In the wee hours of the morning, William Bills parks his car in an open field. With headlights glaring, Bills starts unloading lumber from his trunk. Next he pulls out a hammer, grabs a handful of nails and begins building soccer goals.
When Bills wants something done, he does it himself. Even if that means climbing atop the rafters in the gymnasium to switch out a light bulb.
Bills is the patriarch of athletics at the Timothy Christian School in Piscataway, and it’s already been 39 years since he accepted the challenge of becoming Timothy Christian’s first athletics director.
Challenge being the operative word, Bills began his storied tenure at an institution that was devoid of sports. His early days on the job were spent fostering the foundation of what Tigers athletics have evolved into today.
In just one year, Bills began a boys and a girls soccer team, a boys and a girls basketball team and got baseball and softball teams up and running.
“The first thing I did when I came to Timothy — Bill was on the hiring committee — I studied the history of the school,” said Timothy’s current director of athletics and varsity boys basketball coach Chris Hobbs, “and it didn’t take long for me to find out what Bill meant to everybody. It became obvious that the best thing I could do is get to know Bill as the new athletics director, and I spent a tremendous amount of time with him.”
Bills immediately assumed the head coaching positions of all three boys sports he implemented, and roughly four decades later his passion and drive hasn’t wavered. Although retired from coaching basketball after the 2000 season, Bills still mentors the Tigers’ baseball and boys soccer teams.
“I’m not going anywhere in the immediate future,” he said. “I’d like to coach at least six more years. I feel well physically, I enjoy being with the kids and I’m still having fun.”
As impressive as is the sheer amount of games he’s coached over the years, more staggering is the rate at which he collects the victories that have defined a legendary career.
Bills currently sits on 997 combined career victories at Timothy Christian between the three sports, and his achievements on the pitch are particularly impressive. His teams have won 70 percent of their games over 36 seasons pinning Bills with a record of 402-145-16.
“It (the milestone) hasn’t really been on my mind. It sort of snuck up on me,” the patriarch admitted. “The kids think about it sometimes more than I do. I just think about all the kids that have played for me on the soccer field and helped to accumulate all those wins.”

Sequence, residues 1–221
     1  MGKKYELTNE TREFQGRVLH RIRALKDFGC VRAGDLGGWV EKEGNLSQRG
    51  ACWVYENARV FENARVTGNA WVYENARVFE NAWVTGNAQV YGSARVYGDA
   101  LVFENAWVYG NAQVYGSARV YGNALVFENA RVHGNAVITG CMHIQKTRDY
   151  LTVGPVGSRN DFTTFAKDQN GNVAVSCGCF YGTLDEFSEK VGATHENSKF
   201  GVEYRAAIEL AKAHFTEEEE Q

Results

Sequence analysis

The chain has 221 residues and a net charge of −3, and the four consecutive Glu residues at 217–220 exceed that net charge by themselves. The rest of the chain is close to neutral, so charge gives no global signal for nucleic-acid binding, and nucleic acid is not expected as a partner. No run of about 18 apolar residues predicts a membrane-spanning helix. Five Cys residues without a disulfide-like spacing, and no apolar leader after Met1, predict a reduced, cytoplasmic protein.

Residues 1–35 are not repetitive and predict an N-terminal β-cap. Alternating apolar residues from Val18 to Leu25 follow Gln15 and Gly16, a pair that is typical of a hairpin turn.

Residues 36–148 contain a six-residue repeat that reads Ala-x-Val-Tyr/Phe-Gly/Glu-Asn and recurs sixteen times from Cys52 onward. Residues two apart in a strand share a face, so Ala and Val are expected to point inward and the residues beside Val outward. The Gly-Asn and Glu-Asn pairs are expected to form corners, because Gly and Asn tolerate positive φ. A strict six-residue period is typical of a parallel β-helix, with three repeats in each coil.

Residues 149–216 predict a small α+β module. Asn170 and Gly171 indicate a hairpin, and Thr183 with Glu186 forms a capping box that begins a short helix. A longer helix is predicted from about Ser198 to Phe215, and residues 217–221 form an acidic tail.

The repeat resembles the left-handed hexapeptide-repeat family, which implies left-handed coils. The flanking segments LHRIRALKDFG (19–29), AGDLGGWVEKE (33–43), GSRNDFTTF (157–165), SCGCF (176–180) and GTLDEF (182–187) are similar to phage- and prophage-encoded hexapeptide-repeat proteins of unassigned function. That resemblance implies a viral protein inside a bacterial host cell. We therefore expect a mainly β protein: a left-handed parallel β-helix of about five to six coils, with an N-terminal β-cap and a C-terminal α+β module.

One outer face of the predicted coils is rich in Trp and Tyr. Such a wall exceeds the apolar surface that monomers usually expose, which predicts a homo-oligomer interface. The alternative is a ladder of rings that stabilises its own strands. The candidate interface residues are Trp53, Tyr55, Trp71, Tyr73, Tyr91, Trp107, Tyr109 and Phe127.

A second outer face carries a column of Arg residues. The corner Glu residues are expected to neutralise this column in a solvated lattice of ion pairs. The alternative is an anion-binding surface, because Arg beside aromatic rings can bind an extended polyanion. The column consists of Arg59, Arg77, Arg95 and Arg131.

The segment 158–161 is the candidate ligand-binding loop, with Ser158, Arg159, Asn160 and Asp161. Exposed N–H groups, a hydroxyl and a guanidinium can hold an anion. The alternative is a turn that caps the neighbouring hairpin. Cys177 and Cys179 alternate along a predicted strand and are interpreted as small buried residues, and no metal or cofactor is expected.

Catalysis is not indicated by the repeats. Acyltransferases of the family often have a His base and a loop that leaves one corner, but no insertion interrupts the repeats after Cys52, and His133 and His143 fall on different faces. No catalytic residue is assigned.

Bills’ coaching career is stockpiled with numerous accolades, achievements and memories, but one feat in particular immediately comes to mind for him.
“We lost the first game of the season in 1985,” he said, “but we didn’t lose again until 1987 — a 54-game winning streak.”
The face of athletics at an interdenominational, evangelical and independent school that’s fully accredited by ACSI and Middle States and offers 30 athletic programs to students K-12 will likely notch career victory 1,000 sometime this month.
“To win you just can’t show up,” said Hobbs. “You have be competitive year-in-and-year out to accumulate 1,000, and that’s what’s most impressive to me is his consistent excellence. It’s a privilege for me to be here and have the responsibility that it (the milestone) is properly recognized because I’ll never see it happen again or accomplish it myself. It’s a celebration for our entire school community, and it’s an exciting time for us.”
Pingry’s Miller A. Bugliari ’52 World Cup Field was constructed in 1994 as the World Cup training site for the Italian National Soccer Team. After nearly 20 years of excellence, the soccer facility underwent a dramatic refurbishment during the offseason thanks to the generosity of a Pingry family that wishes to remain anonymous. The project included the entire reconstruction of the subsurface and drainage, the laying of new sod, and — for the first time — new permanent seating built into the terraced hillside on the far side of the pitch.
There’s also a brand new facility a dozen miles south across U.S. Routes 287 and 78. Field turf has been installed at Gill St. Bernard’s and replaces a natural grass surface. The field will be christened when the Knights host Skyland Conference Valley Division rival North Plainfield on Thursday, Sept. 12.